Modelling the Behaviour of Oxide Scale in Hot Rolling
Michal Krzyzanowski, John Howard Beynon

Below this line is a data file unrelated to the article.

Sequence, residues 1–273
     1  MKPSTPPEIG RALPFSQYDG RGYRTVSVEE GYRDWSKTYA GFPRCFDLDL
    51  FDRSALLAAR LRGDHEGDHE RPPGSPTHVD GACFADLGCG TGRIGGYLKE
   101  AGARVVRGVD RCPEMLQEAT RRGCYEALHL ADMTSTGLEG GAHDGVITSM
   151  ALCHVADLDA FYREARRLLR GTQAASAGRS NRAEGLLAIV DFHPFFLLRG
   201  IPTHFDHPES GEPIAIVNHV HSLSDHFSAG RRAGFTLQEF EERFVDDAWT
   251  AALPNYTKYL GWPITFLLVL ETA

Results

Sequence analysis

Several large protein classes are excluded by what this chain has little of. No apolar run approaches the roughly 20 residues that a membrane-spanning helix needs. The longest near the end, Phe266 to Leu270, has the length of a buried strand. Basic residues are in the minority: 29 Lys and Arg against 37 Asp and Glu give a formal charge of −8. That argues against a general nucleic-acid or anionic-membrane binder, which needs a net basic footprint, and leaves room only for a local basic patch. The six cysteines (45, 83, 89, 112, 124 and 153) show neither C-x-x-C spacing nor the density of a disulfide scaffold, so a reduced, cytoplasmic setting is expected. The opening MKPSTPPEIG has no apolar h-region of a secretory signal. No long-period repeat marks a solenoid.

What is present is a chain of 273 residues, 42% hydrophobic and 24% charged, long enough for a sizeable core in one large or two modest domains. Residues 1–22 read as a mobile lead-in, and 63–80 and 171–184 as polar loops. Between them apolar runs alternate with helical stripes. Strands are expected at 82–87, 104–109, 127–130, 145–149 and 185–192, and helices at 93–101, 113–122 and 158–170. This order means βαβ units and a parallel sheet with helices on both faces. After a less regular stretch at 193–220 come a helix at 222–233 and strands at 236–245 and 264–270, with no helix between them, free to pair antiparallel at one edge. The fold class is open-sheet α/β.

Oxide scale behaviour in thermomechanical processing has been the subject of intensive research for several years that allowed development of a finite element (FE) based model to simulate a range of events of relevance to the process and to the surface quality of the hot rolled product. Oxide scale failure is predicted taking into account the main physical phenomena such as stress-directed diffusion, fracture and adhesion of the oxide scale, strain, strain rate and temperature. The most critical parameters for scale failure are measured during modified hot tensile testing and depend on the morphology of the particular oxide scale, scale growth temperature, and are also very sensitive to the chemical composition of the underlying metal. The work integrates finite element analysis with a range of experiments each to provide partial insight into oxide fracture, friction, heat transfer, pick-up and descaling, amongst others. An overview of this research is presented, revealing a variety of phenomena of considerable technological importance.
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